Setting up the perfect tenancy is crucial to ensure a smooth and stress-free rental experience. Whether you are a first-time landlord or have been renting out properties for years, there are several steps you can take to make sure your tenancy runs smoothly from start to finish.
Having a managing agent manage your property can save you time and take the hassle out of your hands, especially if you have never let a property before or you don’t have the time to manage it yourself. The benefit of a managing agent is that it is their job, they manage properties day in day out, so you should feel comfort in knowing that they have the experience and knowledge in order to properly take care of your property. When looking for a managing agent it is important to check they comply with all the relevant regulations and they are a member of a professional body. It is also crucial you have a written agreement with your chosen agent that states everything they will do on your behalf.
Getting the Property Ready
To ensure the property is ready to let, it is necessary all the specific requirements are completed:
-All gas appliances and flues need an annual gas safety check, which should always be carried out by a suitable Gas Safe-registered engineer. When the checks have been completed you will receive a landlord gas safety record. You must provide this to a current tenant(s) within 28 days and to a new tenant(s) as soon as their tenancy agreement starts.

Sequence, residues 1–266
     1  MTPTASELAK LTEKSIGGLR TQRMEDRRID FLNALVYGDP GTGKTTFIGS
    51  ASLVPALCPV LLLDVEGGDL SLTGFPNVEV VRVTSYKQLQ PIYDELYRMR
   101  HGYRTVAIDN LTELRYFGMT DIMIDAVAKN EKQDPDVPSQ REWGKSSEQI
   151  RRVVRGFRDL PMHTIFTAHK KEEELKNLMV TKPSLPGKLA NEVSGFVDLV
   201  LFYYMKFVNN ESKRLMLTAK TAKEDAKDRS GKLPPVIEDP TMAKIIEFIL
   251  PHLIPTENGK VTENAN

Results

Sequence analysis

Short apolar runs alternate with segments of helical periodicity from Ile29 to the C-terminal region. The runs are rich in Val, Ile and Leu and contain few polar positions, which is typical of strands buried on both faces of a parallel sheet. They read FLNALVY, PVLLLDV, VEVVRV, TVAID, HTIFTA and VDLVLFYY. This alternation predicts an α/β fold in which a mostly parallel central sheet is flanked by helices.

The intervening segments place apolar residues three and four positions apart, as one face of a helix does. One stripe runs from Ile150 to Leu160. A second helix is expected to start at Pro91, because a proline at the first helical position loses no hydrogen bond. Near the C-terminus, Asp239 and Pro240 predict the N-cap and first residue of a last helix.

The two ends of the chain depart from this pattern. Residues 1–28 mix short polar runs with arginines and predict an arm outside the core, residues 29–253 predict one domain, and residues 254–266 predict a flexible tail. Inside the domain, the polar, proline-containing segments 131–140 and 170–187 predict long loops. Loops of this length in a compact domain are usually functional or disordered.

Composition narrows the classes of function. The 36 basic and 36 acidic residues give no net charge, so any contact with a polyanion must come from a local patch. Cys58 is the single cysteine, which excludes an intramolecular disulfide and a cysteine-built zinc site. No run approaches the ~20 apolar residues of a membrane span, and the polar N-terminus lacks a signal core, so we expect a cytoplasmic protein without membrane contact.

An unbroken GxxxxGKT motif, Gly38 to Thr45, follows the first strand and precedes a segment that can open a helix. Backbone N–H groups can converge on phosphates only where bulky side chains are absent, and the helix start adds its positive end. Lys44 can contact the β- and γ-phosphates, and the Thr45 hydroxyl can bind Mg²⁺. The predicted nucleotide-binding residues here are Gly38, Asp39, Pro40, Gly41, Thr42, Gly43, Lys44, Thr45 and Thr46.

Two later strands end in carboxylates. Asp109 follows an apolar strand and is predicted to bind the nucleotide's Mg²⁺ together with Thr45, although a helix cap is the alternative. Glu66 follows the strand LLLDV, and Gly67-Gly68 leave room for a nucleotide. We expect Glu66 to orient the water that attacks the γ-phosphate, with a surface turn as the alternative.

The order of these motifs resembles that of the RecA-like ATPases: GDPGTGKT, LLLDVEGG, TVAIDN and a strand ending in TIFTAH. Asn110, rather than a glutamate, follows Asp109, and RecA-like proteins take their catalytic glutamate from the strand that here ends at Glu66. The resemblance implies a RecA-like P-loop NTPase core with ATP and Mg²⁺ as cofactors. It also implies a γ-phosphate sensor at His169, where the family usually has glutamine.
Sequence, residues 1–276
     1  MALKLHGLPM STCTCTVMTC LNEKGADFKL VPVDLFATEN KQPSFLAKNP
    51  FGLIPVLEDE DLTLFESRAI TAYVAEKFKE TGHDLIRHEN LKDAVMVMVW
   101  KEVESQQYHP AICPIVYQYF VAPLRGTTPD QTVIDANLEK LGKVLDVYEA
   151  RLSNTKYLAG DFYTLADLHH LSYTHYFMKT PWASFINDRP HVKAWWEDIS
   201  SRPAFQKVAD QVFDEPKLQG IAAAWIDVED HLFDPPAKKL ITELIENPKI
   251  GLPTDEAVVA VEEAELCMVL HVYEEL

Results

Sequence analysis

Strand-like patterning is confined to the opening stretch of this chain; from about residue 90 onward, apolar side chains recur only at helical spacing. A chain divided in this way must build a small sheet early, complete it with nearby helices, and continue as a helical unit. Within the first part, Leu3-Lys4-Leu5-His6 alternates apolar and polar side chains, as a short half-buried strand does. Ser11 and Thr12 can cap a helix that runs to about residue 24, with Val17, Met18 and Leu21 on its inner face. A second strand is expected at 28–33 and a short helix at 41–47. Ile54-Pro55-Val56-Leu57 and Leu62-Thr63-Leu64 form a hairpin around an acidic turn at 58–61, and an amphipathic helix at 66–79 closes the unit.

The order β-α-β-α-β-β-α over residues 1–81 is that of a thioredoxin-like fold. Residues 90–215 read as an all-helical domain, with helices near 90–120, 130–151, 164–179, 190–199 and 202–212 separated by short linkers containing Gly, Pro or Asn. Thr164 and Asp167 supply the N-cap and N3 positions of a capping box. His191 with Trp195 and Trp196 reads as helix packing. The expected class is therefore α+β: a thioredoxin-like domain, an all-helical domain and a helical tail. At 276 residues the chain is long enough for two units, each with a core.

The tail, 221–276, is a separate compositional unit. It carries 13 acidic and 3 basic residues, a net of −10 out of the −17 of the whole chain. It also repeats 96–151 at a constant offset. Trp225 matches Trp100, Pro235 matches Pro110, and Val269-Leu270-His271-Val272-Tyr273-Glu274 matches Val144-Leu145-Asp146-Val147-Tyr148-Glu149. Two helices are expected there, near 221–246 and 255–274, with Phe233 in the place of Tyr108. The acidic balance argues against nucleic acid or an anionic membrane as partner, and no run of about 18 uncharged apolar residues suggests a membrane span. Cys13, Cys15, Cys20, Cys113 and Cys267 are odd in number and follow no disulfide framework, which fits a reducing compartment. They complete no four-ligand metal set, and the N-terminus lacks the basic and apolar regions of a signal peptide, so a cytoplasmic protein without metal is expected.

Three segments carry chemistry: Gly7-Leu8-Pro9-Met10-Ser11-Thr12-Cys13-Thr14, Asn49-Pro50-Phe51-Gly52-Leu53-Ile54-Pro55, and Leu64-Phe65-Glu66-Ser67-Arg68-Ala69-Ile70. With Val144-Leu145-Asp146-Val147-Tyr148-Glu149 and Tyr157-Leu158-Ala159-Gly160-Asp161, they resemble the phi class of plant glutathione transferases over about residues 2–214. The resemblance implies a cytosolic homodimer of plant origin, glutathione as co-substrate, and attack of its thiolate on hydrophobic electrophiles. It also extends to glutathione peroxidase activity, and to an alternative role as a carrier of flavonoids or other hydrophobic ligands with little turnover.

Failure to provide a gas safety certificate will affect a landlord’s ability to recover possession on a section 21 Notice.
-Electrical installations must be inspected and tested by a qualified and competent person at least every 5 years, you must provide tenants with a copy of the electrical safety report once completed.
-You must ensure that there is at least one smoke alarm on each floor of a rented home where there is a room used as living accommodation as well as a carbon monoxide alarm in any room used as living accommodation, which contains a fixed combustion appliance.
-In most cases, as a landlord you must provide a potential tenant(s) with an Energy Performance Certificate at the earliest opportunity. Currently rental properties have to have a minimum EPC rating of E, however this is changing. You can read our blog here on the upcoming changes to EPC ratings for landlords.
Tenants should be provided with a written tenancy agreement that is reviewed before they sign. The terms of the agreement must be fair, but must also sufficiently protect you as a landlord. There are terms that are implied into every tenancy that are set out in legislation and these terms you cannot contract out of. For example, a landlord’s repairing obligations are included in every contract.